Since 2002, daily Florida political news and commentary


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Welcome To Florida Politics

Thanks for visiting. On a semi-daily basis we scan Florida's major daily newspapers for significant Florida political news and punditry. We also review the editorial pages and political columnists/pundits for Florida political commentary. The papers we review include: the Miami Herald, Sun-Sentinel, Palm Beach Post, Naples News, Sarasota Herald Tribune, St Pete Times, Tampa Tribune, Orlando Sentinel, the Daytona Beach News-Journal, Tallahassee Democrat, and, occasionally, the Florida Times Union; we also review the political news blogs associated with these newspapers.

For each story, column, article or editorial we deem significant, we post at least the headline and link to the piece; the linked headline always appears in quotes. We quote the headline for two reasons: first, to allow researchers looking for the cited piece to find it (if the link has expired) by searching for the original title/headline via a commercial research service. Second, quotation of the original headline permits readers to appreciate the spin from the original piece, as opposed to our spin.

Not that we don't provide spin; we do, and plenty of it. Our perspective appears in post headlines, the subtitles within the post (in bold), and the excerpts from the linked stories we select to quote; we also occasionally provide other links and commentary about certain stories. While our bias should be immediately apparent to any reader, we nevertheless attempt to link to every article, column or editorial about Florida politics in every major online Florida newspaper.


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The Blog for Wednesday, November 28, 2007

Poll: Clinton 9 points up on Giuliani

    The Florida Progressive Coalition's "19 Stories to Read". Our review of today's Florida political news and punditry follows.

    Poll: Clinton 9 points up on Giuliani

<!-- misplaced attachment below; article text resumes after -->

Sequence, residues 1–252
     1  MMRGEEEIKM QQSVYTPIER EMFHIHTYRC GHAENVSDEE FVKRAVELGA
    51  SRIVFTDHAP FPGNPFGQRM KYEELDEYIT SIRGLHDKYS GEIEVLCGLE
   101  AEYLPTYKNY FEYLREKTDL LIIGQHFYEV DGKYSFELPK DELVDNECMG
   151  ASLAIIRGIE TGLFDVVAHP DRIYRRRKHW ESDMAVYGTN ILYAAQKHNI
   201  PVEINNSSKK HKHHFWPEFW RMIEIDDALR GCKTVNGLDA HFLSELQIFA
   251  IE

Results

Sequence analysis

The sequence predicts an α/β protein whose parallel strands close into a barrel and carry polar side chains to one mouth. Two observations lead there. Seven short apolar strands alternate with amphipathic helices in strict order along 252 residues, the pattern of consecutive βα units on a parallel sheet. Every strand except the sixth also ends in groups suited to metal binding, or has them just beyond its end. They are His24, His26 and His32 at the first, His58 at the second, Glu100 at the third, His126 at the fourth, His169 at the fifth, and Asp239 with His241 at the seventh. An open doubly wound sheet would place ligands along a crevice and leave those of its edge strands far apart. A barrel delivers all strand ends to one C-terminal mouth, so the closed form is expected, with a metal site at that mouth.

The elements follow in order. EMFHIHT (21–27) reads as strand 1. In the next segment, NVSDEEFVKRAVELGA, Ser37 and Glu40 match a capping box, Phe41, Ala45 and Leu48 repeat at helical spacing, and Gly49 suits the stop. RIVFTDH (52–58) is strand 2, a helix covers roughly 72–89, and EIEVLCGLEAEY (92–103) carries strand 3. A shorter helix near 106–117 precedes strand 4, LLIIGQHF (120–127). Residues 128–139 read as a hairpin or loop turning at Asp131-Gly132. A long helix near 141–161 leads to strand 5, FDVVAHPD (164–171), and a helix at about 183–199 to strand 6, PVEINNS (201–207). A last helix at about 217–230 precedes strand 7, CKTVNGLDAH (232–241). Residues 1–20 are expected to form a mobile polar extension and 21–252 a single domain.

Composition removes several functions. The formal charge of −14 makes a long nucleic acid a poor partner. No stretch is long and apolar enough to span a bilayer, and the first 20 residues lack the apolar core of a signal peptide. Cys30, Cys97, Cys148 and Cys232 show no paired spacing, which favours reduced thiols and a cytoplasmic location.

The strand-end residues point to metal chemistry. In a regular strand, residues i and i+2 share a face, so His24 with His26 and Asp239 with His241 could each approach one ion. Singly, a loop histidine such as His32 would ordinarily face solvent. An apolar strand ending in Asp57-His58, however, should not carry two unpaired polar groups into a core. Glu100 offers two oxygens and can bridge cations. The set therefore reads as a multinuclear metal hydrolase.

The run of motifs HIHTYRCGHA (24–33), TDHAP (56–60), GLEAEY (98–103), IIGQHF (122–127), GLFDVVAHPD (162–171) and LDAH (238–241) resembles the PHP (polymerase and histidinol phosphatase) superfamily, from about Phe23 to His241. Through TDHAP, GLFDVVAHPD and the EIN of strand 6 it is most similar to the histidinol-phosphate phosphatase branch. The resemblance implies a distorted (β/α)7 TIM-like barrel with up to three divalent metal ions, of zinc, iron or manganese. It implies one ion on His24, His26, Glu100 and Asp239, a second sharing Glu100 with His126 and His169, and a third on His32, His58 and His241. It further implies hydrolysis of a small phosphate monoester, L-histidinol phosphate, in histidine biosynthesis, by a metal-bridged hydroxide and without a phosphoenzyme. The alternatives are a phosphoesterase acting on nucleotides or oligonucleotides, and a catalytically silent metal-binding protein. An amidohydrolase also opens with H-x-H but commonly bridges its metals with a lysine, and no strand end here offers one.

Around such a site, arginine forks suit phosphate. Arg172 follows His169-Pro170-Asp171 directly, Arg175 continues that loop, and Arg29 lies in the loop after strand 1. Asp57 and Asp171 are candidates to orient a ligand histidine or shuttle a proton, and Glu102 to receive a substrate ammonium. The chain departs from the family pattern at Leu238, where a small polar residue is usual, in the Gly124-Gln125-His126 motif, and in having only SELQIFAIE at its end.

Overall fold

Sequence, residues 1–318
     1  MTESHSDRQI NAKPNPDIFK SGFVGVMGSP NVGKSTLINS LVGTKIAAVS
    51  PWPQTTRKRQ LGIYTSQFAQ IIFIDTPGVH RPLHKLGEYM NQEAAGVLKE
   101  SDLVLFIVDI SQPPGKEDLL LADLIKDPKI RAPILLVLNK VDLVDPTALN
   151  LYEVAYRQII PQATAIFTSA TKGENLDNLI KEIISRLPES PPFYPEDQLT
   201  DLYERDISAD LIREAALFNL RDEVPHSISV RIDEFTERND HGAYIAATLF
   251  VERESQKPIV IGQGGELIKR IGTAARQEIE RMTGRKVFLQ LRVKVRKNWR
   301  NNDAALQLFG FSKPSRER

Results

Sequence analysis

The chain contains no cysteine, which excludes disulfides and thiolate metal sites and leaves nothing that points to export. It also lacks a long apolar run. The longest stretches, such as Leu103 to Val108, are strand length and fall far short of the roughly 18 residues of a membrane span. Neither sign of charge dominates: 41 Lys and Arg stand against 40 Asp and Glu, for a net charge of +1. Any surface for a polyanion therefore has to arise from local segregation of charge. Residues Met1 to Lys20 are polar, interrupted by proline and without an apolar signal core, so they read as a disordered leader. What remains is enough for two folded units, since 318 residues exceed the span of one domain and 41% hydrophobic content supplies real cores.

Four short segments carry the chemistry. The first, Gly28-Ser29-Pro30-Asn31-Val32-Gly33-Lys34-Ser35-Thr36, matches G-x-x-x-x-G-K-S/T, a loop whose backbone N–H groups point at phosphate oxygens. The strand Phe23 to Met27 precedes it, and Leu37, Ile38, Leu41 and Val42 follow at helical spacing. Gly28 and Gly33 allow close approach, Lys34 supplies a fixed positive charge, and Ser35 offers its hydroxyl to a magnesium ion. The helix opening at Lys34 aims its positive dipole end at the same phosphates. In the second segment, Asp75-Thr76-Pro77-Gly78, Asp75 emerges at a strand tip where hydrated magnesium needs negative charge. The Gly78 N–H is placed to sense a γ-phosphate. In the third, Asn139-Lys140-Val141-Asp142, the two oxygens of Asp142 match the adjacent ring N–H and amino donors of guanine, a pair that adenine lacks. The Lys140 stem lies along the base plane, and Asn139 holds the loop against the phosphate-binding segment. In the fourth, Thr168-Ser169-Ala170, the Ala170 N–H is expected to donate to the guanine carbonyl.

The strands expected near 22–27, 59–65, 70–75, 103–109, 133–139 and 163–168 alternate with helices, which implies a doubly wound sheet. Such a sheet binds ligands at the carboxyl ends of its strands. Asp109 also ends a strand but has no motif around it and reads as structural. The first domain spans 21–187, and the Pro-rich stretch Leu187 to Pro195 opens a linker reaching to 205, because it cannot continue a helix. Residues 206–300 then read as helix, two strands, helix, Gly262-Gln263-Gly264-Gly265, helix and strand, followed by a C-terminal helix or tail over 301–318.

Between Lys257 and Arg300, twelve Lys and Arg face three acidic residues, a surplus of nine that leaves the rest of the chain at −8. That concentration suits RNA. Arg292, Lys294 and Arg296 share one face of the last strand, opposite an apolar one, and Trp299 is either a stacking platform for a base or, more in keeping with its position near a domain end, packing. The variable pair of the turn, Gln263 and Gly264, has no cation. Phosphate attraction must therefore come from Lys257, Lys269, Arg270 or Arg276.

A CNN poll, conducted by Opinion Research Corporation shows that "Hillary Clinton would beat Giuliani 51 percent to 42 percent. ... The general election question was asked of 945 registered voters in Florida." "New poll shows Clinton beating Giuliani in Fla.".

    Media debate frenzy

    You'd think the GOPer debate was the Second Coming of Christ (pun intended) as opposed to a bunch of tired old white men trying to resuscitate and emulate an individual many recognize to be little more than a bamboozling racist. See also here, here, here, here, here, here and here.

    In any event, Adam Smith has some debate tid bits here. See also "Who's Mr. Right?", "Republican candidates face video questioners" and "Peek inside CNN's inner sanctum".

    Another brilliant mistake

    "With the controversial 'The Rules are Different Here' campaign only a distant, painful memory, Florida tourism officials are about to take another risk as they reach out to minority travelers."

    A national television campaign, set to launch in a few months, targets Hispanic and black vacationers with the one-word slogan, "Shine."
    "Slang dictionaries say the slur evolved either from "shoe shine," once a common occupation for urban blacks, or the sheen of black skin."
    Charles Evans of Tallahassee, the 62-year-old president of the local chapter of the NAACP, knows the term all too well.

    "For many persons in the African-American community, that term definitely has a negative connotation," Evans said. "The younger people, younger than 30, might not be familiar with it, but we will educate them about it."
    "NAACP: Tourism slogan also racial slur".